Three crew members representing the United States, Russia and Germany are on their six-hour journey to the International Space Station after launching from the Baikonur Cosmodrome in Kazakhstan at 3:57 p.m. EDT Wednesday (1:57 a.m. Thursday in Baikonur).
The Soyuz capsule carrying Reid Wiseman of NASA, Soyuz Commander Maxim Suraev of the Russian Federal Space Agency (Roscosmos) and Alexander Gerst of the European Space Agency, is scheduled to dock with the space station at 9:48 p.m.
NASA Television coverage of docking will begin at 9 p.m. Hatches are scheduled to open at about 11:25 p.m., with NASA TV coverage starting at 11 p.m.
The arrival of Wiseman, Suraev and Gerst returns the station’s crew complement to six. The three will join Expedition 40 Commander Steve Swanson of NASA and Alexander Skvortsov and Oleg Artemyev of Roscosmos, who have been aboard the complex since March.
Swanson, Skvortsov and Artemyev will return home in September, at which time, Suraev will become commander of the station for Expedition 41. Wiseman, Suraev and Gerst will return to Earth in November 2014.
[image-51] The crew members will conduct hundreds of scientific investigations and technology demonstrations during their six-month sojourn on the orbiting laboratory. These include Earth remote sensing, an assessment of human behavior and performance, and studies of bone and muscle physiology.
The Comm Delay Assessment study will evaluate the effects of delayed communications on interplanetary crews during medical and other emergencies in deep space. In addition to time delays experienced as they travel farther away from Earth, uncertainty in performing a crucial task can affect crew performance and interaction. Three crew members will perform eight tasks, with and without 50-second delays added. These tasks will vary in their level of stress and familiarity. This type of research may help refine procedures for Earth-based teams that operate in extreme or remote environments with intermittent or no contact with its Earth-base experts.
A new engineering investigation will help NASA collect data for studying the loads, or force, placed on a crew member’s body during exercise on the space station. The Force Shoes investigation is an evaluation of the XSENS ForceShoe system as a potential method for making these measurements. Initially, researchers will be validating the XSENS ForceShoe system technology. The ultimate goal of using ForceShoe is to provide researchers with data they will use to calculate the force felt at specific joints, such as the ankle, knee and hip. Enhancing researchers’ understanding of exercise form and the forces applied to the human body while using spaceflight exercise hardware will help them recommend the best exercise regimens for astronauts to maintain their bone mass and muscle strength while in microgravity. This data also will be applied to populations on Earth restricted from exercise by injury, age, lifestyle or confined work and living space.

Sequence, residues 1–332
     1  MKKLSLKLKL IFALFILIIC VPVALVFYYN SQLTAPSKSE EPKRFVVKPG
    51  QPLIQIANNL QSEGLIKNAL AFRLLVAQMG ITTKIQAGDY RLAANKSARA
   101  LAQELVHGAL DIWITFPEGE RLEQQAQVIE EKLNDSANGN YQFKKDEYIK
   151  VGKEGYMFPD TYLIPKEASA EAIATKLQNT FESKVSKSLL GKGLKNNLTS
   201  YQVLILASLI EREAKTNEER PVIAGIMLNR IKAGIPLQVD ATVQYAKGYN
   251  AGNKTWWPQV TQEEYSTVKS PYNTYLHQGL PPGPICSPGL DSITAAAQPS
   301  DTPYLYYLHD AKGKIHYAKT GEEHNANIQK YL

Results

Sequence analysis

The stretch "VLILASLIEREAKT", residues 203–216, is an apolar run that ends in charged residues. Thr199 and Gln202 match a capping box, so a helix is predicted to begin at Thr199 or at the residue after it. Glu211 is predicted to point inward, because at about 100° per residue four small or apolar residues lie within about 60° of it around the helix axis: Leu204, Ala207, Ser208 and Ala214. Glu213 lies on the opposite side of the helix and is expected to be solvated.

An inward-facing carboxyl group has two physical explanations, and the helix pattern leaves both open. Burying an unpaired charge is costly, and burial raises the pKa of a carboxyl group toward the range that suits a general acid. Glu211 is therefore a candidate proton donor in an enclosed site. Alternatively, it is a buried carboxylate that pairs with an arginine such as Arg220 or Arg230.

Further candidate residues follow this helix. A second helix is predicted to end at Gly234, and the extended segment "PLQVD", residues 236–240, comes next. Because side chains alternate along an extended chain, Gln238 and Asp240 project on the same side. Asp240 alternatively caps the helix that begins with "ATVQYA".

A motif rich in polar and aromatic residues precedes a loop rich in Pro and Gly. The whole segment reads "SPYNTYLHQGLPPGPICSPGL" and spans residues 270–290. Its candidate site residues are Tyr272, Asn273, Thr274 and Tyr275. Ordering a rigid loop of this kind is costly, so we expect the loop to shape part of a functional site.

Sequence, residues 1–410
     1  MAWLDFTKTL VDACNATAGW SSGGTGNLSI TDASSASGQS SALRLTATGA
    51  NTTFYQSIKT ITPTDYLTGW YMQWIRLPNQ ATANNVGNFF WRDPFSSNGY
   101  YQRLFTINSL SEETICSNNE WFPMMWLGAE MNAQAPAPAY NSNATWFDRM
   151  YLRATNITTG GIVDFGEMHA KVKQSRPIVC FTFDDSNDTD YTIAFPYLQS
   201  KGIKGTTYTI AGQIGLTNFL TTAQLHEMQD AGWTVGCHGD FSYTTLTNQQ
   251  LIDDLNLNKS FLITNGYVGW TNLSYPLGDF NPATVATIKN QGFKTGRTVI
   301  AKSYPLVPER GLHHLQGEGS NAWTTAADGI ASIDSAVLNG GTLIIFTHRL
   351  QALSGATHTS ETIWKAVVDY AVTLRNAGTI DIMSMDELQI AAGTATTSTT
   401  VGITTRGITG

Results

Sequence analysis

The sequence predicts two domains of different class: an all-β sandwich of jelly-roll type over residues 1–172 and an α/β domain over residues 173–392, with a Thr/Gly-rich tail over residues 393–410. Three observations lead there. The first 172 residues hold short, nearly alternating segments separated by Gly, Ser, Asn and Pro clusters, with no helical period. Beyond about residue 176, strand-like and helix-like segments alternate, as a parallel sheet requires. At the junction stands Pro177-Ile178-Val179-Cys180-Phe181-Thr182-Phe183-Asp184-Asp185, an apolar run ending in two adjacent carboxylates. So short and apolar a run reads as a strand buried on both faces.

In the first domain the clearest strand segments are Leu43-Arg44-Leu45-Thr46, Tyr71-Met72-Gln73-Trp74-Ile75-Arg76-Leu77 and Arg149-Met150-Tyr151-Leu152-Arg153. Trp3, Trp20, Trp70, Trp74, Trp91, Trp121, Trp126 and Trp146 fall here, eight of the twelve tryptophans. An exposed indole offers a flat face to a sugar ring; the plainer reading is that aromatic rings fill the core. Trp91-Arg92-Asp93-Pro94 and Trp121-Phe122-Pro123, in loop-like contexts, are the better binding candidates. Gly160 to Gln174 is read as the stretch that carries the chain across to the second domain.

The new crew members will perform several other experiments that cover human health and safety, biological and physical sciences, technology development, and Earth observations, as well as engage in educational activities. The crew will conduct a pair of Russian spacewalks and as many as three U.S. spacewalks. They also will greet two Russian Progress spacecraft resupply flights, the final European ATV cargo spacecraft, Orbital Science’s second commercial resupply flight, and the fourth supply delivery for SpaceX.
Among the cargo the SpaceX Dragon spacecraft will deliver is a new instrument to monitor ocean winds from the station. That information will be useful for weather forecasting, hurricane monitoring and climate studies. From its vantage point on the orbital outpost, the ISS-Rapid Scatterometer (ISS-RapidScat) will calculate ocean surface wind speeds and directions using radar pulses reflected off the ocean’s surface.
The International Space Station is a convergence of science, technology and human innovation that demonstrates new technologies and makes research breakthroughs not possible on Earth. Humans have continuously inhabited the space station since November 2000. In that time, more than 200 visitors have conducted more than 1,500 experiments, and a variety of international and commercial spacecraft have docked to the station. The space station remains the springboard to NASA’s next great leap in exploration.
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